One great thing about social media is when inaccurate information surfaces you quickly recognize your own and fellow agent's hot buttons.
Even though it's still early in the week two of my hot buttons have been hit and by the reaction of a few other agents who also have seen the information, theirs have as well. The first was a blog post written by an agent (I won't include a link) stating that a veteran or active duty military member would lose their benefits if they completed a short sale or foreclosure. Say what?
A veteran or military member who completes a VA Compromise sale will lose a portion of their future VA Loan Benefits. Per the VA: "Should VA agree to pay the difference between the sales proceeds and the total debt to complete the compromise sale process, the portion of the homeowner’s entitlement used to guaranty his loan will remain tied up until VA is reimbursed in full." This is the only benefit a veteran or active duty service member will lose. It's not their retirement pay, their medical benefits or any other benefit they are entitled to by law. A sweeping statement that states a they will lose their benefits forever is scary and wrong.
The second piece of information is that a short sale or foreclosure automatically means the loss of a security clearance. Apparently this information is being taught in CDPE classes throughout the country. Living in the Washington DC area, where security clearances are a big deal it helps to review the rulings from the Defense Office of Hearings and Appeals (DOHA) clarifying how a short sale or foreclosure may be viewed.
"Twenty-two administrative judge decisions dealing with foreclosures and short sales were reviewed, where clearances were granted and not appealed. These were examined to see what facts were sufficient to meet the initial challenge of convincing an Administrative Judge while at the same time were sufficient to satisfy Department Counsel not to appeal. The common thread in all of these cases is that: (1) applicants were victims of circumstances not of their own doing; (2) they had not been speculators in the housing market who were caught when the bubble burst; (3) they had not succumbed to fraudulent schemes “too good to be true” as a result of their own greed; and (4) they had made good faith efforts to meet their other debts after the loss of their homes by foreclosure or short sale."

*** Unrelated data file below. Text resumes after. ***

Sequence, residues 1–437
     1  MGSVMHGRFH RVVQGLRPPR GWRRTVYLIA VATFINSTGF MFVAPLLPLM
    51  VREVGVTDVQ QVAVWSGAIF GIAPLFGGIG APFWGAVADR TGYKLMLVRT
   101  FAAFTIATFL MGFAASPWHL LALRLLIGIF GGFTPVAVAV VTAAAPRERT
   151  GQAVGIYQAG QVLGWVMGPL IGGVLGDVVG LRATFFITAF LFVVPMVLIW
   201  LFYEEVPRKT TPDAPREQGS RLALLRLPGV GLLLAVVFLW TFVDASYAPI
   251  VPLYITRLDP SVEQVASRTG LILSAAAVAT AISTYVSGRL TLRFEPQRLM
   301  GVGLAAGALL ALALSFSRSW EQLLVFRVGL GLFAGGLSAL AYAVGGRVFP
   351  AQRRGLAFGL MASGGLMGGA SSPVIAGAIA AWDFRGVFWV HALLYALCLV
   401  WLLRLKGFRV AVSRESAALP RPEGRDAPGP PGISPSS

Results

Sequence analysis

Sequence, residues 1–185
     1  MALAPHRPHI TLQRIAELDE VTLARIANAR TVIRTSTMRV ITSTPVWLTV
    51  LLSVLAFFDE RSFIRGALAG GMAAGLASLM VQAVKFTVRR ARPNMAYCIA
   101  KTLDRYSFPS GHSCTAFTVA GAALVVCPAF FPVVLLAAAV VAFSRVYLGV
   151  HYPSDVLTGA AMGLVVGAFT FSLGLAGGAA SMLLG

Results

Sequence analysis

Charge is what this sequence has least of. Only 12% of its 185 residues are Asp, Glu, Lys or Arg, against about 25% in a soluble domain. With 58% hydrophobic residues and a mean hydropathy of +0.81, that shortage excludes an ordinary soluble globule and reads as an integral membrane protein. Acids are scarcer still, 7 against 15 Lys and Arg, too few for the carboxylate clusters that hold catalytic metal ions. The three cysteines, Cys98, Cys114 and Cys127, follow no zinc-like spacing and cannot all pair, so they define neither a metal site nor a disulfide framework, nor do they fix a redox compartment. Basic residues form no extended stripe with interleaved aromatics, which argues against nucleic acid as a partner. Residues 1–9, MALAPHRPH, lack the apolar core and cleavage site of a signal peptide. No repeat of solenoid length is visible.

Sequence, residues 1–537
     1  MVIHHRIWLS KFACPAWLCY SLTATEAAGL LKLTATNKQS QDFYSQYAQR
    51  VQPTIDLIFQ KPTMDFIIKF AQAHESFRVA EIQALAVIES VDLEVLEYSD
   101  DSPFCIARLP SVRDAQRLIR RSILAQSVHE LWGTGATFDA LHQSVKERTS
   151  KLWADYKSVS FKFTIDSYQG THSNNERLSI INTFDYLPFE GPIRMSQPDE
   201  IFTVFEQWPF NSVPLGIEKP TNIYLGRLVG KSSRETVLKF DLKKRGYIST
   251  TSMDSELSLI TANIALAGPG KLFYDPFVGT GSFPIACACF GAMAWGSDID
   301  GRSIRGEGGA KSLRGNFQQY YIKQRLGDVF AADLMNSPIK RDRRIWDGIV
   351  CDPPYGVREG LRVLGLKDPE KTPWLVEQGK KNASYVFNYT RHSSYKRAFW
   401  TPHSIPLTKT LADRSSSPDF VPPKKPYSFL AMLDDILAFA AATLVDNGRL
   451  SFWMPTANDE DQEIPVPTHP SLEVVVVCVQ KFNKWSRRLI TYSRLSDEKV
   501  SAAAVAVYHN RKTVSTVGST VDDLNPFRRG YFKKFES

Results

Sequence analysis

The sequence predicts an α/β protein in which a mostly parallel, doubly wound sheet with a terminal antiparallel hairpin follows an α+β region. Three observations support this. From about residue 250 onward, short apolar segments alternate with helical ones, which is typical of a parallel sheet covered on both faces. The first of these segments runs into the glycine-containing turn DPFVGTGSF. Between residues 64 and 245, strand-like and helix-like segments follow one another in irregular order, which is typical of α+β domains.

I'm not going to tell someone that their security clearance is not in jeopardy if they undertake a short sale or their home goes to foreclosure. At the same time I'm also not going to make a blanket statement that you will for a fact lose your clearance. I have a former short sale client who is employed in a Top Secret Clearance position in the government and another who works for a government contractor with a security clearance. What both of those individuals made sure they did was talk to the appropriate personnel in their offices before they started the short sale process and kept them apprised of what was happening.
It's important for all of us, myself included, to make sure we do as much fact checking as possible before we post a blog. The very same people we are trying to help could be hurt by wrong information.